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County rescinds its support for study of BCP trail system

Wednesday, January 9, 2008 by Kimberly Reeves

Travis County Commissioners took the rather odd step of rescinding their support for the study of a trail system through the Balcones Canyonlands Preserve at yesterday’s meeting, leaving County Judge Sam Biscoe to say he was “stunned but abstaining.”

 

On the surface, it appears that Commissioner Ron Davis won enough support to vote down a recent decision of the BCP Coordinating Committee to review the possibility of a trail system. That committee consists of Commissioner Gerald Daugherty and Mayor Will Wynn – the two parties to the permit – along with the US Fish and Wildlife Service serving as an ex-officio member of the panel.

 

The coordinating committee had agreed to move forward with a year-long study to determine whether additional access – specifically, a trail system – would be a viable addition to the federal10-A permit, which allows development to continue in western Travis County, as long as the city and county set aside sufficient mitigation lands.

 

It was clear Tuesday that there was some confusion over just what this decision meant. Commissioners agreed there were two interpretations of the resolution passed by the coordinating committee, based on the “may” or “shall” of the provision. Either the study of the BCP lands, tract by tract, by city and county staff might lead to additional access or should lead to additional expected access to the lands.

 

Even Biscoe agreed that turning over the actual decision of the trail system – which would not involve a vote of county commissioners unless a permit amendment was required – was a bit more than he would like.

 

“The people over at the city are very intelligent people,” Biscoe said. “Sometimes I defer to their judgment… But often I do not.”

 

Ted Siff, who sits on the citizens’ advisory committee, noted that the study was intended to review all tracts but that three tracts were given priority for access: Canyon Vista; Turkey Creek Trail in Emma Long Park; and Forest Ridge.

 

Bill Warren of the volunteer board of the Wild Basin Preserve was on hand to protest any additional access to Wild Basin. Siff said Wild Basin – which does have some limited guided access – was not on the radar screen for additional access. Hamilton Pool and Wild Basin, both owned by the county, do offer some public access.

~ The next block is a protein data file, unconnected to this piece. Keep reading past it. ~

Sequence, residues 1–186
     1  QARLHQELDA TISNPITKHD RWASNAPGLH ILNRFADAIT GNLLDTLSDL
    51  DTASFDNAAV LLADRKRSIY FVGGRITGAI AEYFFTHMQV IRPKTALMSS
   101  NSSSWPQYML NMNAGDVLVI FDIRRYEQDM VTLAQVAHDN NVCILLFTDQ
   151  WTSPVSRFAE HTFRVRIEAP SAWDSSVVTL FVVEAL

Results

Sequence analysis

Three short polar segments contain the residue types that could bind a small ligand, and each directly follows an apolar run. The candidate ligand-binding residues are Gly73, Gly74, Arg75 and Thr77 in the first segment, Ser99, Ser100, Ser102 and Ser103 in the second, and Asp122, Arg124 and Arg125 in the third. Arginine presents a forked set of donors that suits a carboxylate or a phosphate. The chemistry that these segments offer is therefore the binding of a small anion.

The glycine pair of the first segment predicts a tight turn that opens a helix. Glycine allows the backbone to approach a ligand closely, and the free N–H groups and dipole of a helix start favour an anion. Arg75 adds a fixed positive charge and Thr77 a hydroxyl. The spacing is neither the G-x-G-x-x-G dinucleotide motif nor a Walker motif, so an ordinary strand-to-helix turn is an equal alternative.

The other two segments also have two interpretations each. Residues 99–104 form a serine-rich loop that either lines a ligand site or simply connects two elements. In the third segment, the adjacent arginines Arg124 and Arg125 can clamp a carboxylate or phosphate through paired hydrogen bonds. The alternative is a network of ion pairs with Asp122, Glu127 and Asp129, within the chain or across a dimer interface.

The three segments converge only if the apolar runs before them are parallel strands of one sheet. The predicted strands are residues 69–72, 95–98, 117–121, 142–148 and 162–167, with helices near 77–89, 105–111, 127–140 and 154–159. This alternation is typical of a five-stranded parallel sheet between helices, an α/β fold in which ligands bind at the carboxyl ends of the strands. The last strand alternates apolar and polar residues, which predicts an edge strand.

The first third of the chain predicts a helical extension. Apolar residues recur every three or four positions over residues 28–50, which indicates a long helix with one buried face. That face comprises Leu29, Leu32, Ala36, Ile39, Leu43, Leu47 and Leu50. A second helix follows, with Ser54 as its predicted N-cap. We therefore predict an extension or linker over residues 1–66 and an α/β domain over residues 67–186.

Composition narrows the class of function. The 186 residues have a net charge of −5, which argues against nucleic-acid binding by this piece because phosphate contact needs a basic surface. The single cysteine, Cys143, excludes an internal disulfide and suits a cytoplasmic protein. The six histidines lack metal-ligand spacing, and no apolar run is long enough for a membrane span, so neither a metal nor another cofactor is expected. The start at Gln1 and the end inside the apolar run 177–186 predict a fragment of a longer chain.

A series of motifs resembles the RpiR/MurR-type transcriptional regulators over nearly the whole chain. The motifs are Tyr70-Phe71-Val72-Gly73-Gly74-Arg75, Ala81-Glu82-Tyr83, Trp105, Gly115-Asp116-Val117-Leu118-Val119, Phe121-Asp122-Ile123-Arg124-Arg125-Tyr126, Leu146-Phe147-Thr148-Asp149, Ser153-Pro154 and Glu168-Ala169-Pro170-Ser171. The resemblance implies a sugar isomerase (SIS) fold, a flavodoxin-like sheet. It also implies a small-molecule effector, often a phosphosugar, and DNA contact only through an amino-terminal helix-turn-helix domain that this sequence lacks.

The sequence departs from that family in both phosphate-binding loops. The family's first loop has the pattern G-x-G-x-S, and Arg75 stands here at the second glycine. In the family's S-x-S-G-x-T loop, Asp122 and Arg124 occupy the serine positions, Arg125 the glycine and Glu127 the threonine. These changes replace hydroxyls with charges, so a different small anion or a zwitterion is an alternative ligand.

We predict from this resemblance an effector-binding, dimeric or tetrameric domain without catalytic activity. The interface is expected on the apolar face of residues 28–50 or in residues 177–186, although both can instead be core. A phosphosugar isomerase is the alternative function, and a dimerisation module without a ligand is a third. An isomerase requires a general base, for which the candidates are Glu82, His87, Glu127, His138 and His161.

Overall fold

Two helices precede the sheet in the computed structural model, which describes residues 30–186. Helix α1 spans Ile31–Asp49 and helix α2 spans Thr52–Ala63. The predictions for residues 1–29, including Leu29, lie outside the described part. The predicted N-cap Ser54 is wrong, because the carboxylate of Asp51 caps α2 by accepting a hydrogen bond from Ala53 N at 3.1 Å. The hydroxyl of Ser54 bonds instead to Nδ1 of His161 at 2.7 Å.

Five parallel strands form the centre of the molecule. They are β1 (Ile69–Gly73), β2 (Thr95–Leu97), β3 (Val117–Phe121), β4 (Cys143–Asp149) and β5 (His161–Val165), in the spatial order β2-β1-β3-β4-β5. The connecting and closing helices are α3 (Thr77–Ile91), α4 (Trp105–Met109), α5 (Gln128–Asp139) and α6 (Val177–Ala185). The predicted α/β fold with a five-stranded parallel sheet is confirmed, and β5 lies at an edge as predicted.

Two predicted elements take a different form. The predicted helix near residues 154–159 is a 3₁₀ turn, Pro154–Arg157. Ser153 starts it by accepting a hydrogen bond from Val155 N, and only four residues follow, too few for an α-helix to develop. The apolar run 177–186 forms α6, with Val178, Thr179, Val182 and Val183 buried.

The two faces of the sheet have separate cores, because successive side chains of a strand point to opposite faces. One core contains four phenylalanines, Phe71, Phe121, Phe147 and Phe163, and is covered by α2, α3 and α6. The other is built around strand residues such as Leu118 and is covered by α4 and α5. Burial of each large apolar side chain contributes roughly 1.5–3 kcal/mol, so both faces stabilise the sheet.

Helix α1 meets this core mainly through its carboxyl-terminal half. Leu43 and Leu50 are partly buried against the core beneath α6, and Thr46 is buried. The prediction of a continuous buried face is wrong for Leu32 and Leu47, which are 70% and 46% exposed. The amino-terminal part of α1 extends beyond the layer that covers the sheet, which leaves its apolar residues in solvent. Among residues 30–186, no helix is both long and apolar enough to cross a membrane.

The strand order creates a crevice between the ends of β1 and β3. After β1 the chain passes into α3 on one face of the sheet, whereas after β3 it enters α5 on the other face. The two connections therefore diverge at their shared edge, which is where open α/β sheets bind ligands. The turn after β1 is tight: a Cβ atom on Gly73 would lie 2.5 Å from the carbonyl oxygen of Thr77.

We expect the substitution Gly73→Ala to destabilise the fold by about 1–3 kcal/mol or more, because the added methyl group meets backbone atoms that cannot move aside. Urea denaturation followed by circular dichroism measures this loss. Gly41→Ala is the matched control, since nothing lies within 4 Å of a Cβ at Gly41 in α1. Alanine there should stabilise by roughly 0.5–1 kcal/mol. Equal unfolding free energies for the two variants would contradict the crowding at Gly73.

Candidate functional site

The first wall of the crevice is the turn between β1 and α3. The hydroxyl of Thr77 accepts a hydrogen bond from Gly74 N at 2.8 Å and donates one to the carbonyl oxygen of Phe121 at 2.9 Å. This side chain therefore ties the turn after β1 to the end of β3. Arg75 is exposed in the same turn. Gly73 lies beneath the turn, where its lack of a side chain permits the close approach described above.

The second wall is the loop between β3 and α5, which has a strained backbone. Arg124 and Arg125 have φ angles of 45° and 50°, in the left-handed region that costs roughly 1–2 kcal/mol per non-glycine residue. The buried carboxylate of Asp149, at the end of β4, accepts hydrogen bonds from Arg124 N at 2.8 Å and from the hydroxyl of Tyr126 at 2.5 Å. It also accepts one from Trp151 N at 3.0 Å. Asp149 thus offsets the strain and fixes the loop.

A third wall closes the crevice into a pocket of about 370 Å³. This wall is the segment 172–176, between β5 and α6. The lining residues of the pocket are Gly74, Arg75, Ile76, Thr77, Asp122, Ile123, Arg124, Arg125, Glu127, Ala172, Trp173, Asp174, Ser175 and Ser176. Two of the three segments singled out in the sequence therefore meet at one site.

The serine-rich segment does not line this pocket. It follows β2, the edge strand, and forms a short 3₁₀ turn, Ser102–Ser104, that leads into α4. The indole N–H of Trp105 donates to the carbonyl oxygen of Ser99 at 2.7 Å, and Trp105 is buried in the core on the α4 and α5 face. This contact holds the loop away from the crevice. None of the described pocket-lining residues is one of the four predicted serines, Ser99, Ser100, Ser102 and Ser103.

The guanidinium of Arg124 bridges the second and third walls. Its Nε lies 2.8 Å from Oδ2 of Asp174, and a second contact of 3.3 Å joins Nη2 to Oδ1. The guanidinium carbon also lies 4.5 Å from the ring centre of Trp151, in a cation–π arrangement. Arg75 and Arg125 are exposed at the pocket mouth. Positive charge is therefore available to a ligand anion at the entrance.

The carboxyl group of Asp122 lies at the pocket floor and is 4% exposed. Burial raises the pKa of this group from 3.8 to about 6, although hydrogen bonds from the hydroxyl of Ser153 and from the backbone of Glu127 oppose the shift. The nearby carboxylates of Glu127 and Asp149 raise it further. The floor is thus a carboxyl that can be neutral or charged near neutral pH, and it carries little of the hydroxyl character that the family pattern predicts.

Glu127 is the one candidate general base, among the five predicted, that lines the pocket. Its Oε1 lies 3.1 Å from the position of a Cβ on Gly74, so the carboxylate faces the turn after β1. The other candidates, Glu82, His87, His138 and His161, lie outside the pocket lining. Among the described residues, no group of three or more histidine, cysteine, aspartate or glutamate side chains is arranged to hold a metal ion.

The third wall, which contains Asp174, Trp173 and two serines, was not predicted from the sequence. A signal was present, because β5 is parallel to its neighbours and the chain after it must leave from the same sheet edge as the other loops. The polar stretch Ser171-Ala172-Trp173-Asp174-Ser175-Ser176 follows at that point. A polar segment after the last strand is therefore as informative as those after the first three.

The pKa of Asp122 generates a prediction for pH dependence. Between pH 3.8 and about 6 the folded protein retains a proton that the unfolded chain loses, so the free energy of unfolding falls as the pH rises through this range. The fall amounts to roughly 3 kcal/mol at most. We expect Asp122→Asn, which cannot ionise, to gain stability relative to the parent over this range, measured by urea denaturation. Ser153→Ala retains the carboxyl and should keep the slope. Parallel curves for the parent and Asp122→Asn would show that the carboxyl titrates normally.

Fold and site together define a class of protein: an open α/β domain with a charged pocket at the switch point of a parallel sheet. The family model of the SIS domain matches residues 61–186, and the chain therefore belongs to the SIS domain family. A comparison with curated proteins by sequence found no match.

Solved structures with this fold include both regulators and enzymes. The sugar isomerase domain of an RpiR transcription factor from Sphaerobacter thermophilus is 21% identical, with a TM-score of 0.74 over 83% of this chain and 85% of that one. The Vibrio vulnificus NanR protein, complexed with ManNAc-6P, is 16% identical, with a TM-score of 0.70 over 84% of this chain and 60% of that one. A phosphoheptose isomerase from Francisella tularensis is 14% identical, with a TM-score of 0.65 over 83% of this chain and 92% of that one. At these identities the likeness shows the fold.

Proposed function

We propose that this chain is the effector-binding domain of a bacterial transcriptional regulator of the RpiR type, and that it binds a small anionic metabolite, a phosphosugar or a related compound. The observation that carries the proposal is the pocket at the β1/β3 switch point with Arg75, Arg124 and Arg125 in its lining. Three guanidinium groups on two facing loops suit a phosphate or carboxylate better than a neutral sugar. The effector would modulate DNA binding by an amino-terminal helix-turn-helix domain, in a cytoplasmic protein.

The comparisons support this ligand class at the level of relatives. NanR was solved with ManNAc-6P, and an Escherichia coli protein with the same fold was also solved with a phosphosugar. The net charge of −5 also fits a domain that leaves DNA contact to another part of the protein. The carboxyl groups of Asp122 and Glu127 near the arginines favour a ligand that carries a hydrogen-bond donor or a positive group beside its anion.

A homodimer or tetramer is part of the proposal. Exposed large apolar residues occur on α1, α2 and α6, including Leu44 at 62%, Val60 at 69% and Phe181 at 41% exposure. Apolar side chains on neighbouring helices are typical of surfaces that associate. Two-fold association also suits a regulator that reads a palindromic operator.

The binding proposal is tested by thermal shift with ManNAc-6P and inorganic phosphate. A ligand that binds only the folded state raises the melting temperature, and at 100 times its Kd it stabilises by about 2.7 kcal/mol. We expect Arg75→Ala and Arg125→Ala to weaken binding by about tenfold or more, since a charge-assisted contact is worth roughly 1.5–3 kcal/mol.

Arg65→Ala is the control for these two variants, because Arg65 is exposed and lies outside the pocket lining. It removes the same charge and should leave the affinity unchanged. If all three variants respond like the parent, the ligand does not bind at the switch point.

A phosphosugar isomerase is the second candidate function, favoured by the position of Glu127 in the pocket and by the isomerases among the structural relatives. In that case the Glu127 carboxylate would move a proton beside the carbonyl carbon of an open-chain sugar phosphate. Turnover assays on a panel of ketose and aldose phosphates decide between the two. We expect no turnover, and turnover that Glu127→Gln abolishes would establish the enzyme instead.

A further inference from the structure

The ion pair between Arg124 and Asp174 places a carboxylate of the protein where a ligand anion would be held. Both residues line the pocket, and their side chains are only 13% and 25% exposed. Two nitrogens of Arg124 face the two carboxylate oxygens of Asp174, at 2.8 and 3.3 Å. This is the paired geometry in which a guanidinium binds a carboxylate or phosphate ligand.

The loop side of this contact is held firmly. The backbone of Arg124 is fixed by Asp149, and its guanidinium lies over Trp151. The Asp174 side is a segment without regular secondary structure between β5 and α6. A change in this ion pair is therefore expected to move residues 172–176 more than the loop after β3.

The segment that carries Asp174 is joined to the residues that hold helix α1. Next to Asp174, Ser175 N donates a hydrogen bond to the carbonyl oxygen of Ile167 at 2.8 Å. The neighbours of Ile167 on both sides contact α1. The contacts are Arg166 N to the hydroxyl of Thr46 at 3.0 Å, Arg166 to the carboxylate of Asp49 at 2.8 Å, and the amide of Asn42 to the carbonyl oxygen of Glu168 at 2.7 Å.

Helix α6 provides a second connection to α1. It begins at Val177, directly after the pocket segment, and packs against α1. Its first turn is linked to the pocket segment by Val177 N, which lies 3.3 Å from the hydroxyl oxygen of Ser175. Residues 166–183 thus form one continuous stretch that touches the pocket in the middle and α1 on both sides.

Daugherty told his fellow commissioners that it was the committee’s decision that residents were entitled to additional access to preserve lands but only if it did not require a major amendment to the 10A permit. US Fish and Wildlife has given the county little guidance on just how far the county would have to go to trigger such an amendment. An amendment would require a significant review of the current permit.

 

Daugherty told his colleagues he was aware of the political reality: Some commissioners might want to take a vote on whether or not to allow additional access to the preserves. What makes the vote odd – and what left Biscoe a bit flummoxed – was the fact that it is unclear what the vote might mean when it came to the coordinating committee’s action.

 

Assistant County Attorney John Hille said the coordinating committee had every right to take the vote that it took. The only thing the county could decide would be to deny the committee the use of county funds or county staff. County staff had suggested that it would require a $50,000 contribution to complete the study.

 

Yesterday’s conversation did take a number of twists and turns. First, the commissioners discussed an expanded reconfiguration of the coordinating committee – possibly adding non-elected members such as the Nature Conservancy or Lower Colorado River Authority – which eventually appeared to be discarded because the additional members appeared to have no direct stake, or financial participation, in the preserves.

 

Two motions ultimately were offered to address the coordinating committee’s resolution. One, proposed by Davis, opposed any additional access to the preserve. Commissioner Sarah Eckhardt offered a substitute motion that would have delayed the study until the county completed its acquisition of land. That land – between 2,500 and 2,800 acres – could cost the county upwards of $50 to $100 million to secure. 

 

Eckhardt’s motion failed with only Gomez joining Eckhardt in favor, Daugherty and Davis voting against and Biscoe abstaining. Davis’ motion passed with Eckhardt, Gomez and Davis voting for it, Daugherty voting against it and Biscoe, once more, abstaining.

 

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